#1857 1918 (1985)

I’ve Horton Foote’s 1918 to thank for the most cryptic post title yet, which happens to be the peak of the praises I can give to this movie.

This period picture taking place in a small Texas town, coinciding two major world events – World War I and Spanish Influenza – and how they both affect the citizen of this small remote town. Of the cast we have Brother Vaughn (Matthew Broderick), a loud mouth local youngster who after failing his school now idolises the war and the soldiers and makes everyone know how eager he is to enlist. In the sort of direct opposite end we have Horace Robedaux (William Converse-Roberts), a calm business owner and family man who has no interest to take part in the war and to leave his wife and baby.

Both world events are very interesting, but here they end up feeling very remote. We hear people dying both due to war and the influenza, but as these are people who have never been even introduced to us, they just feel completely remote and disconnected. The few bits of drama here are relatable but never really struck the chord on the emotional level.

80s-o-meter: 3%

Total: 42%

#1831 Halloween 2023: Attack of the Beast Creatures aka Hell Island (1985)

Attack of the Beast Creatures has one interesting aspect going for it: the atmosphere. Set in the 1920s the movie shares the same look and feel like the 1940s and 50s creature movies, which makes the (otherwise tame) gore effects much more impactful.

But it’s also in this same FX department where the movie fails the biggest; the little dolls thrown towards the actors for them to hold and pretend struggling is downright ridiculous, and the movie would have gotten much farther by just hinting the existence of the creatures.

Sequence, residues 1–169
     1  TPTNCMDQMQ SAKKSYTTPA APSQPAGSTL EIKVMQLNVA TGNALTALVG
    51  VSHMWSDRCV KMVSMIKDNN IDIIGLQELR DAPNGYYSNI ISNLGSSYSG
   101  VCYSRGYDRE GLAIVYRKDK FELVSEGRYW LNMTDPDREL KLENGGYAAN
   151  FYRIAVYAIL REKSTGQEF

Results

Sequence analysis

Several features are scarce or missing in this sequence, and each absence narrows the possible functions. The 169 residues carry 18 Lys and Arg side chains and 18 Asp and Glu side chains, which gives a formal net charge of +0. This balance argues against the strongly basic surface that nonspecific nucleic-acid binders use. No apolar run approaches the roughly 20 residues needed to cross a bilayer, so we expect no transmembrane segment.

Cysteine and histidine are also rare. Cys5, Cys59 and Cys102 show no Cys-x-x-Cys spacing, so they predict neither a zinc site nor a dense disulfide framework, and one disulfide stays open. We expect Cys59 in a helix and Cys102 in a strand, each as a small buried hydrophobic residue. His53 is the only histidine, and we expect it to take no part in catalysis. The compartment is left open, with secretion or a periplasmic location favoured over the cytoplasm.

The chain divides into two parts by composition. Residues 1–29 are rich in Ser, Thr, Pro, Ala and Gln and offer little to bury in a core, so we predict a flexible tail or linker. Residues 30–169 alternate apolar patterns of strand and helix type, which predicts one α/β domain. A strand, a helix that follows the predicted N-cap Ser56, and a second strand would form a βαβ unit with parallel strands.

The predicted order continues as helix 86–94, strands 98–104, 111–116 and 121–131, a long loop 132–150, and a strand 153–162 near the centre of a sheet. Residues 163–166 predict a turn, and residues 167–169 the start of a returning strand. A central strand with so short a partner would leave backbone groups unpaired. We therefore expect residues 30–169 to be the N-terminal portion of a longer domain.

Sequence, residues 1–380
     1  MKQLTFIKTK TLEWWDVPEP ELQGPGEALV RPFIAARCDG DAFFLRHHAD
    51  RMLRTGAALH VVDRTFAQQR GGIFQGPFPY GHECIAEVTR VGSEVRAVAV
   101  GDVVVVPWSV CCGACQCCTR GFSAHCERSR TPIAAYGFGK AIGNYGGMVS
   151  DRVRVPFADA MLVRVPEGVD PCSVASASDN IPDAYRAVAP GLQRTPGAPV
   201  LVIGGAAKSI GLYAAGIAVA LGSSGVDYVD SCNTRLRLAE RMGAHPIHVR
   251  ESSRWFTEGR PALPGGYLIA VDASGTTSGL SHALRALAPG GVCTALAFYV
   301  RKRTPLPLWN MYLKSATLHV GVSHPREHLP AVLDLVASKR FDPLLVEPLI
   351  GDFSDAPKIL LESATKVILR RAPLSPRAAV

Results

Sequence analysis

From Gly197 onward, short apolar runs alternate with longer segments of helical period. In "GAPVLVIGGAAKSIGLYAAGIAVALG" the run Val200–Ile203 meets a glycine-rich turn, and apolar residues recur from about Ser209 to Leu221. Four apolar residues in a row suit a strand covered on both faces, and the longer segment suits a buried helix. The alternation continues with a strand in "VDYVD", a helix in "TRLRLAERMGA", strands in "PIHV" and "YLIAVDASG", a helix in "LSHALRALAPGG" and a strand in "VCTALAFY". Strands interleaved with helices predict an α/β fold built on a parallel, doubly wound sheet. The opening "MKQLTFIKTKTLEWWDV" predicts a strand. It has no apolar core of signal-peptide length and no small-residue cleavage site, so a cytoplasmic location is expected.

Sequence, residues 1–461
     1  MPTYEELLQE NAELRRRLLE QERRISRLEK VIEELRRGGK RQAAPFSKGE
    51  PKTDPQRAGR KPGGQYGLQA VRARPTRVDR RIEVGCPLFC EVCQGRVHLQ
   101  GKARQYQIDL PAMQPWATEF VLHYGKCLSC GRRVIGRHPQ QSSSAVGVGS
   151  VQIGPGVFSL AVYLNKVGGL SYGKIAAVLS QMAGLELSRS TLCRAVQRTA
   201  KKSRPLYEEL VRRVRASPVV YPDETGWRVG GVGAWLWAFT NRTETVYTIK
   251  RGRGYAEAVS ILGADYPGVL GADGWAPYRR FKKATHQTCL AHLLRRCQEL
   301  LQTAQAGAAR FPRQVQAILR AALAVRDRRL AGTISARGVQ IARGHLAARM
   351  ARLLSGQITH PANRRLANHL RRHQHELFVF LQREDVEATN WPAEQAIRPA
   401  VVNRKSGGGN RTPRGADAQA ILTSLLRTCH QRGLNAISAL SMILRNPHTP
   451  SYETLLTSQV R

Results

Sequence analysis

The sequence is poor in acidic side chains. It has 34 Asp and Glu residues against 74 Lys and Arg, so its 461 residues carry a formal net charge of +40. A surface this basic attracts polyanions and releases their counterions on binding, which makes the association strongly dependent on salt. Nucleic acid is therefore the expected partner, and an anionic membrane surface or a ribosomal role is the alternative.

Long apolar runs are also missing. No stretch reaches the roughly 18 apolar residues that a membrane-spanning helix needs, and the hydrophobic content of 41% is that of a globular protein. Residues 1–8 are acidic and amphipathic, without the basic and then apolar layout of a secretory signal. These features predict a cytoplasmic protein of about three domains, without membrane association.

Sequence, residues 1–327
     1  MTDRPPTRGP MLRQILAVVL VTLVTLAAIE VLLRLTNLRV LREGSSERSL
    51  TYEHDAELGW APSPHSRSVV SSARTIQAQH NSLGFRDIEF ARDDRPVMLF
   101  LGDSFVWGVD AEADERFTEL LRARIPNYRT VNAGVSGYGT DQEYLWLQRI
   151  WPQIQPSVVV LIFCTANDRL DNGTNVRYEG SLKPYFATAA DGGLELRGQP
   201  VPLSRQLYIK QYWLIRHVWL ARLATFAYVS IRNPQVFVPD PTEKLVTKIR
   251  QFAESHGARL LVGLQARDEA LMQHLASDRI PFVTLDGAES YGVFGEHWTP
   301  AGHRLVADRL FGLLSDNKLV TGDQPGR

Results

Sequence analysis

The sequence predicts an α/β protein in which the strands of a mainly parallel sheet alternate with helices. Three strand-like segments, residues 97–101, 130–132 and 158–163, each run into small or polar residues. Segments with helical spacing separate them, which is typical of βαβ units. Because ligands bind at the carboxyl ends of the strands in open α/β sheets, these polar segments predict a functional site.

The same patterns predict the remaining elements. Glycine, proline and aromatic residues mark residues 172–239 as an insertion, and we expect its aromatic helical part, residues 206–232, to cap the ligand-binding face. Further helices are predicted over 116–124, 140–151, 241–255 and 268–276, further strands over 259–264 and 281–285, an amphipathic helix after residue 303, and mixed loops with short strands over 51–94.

80s-o-meter: 14%

Total: 28%

#1783 Little Miss Marker (1980)

I don’t know how great of a movie the original 1934 Little Miss Marker starring Shirley Temple is, but based on this 1980 version I really can’t see anything that warrants a remake – other than the team’s interest in nostalgia, that is!

More bizarrely, the movie is not even brought to the current day. But maybe the story of a gambler giving her daughter as a collateral to bet on a horse race would not fly today as it already seems quite implausible in the 1940s. But so does everything else in the movie, especially the love relationship between the characters played by Walter Matthau and Julie Andrews, and the denouement of them forming a family of some sorts.

On the positive side Matthau is probably the best actor of the era for the role, and his trademark grumpy tone makes his slowly evolving attachment to the now orphaned girl quite touching at best.

80s-o-meter: 5%

Total: 37%

#1771 Desert Hearts (1985)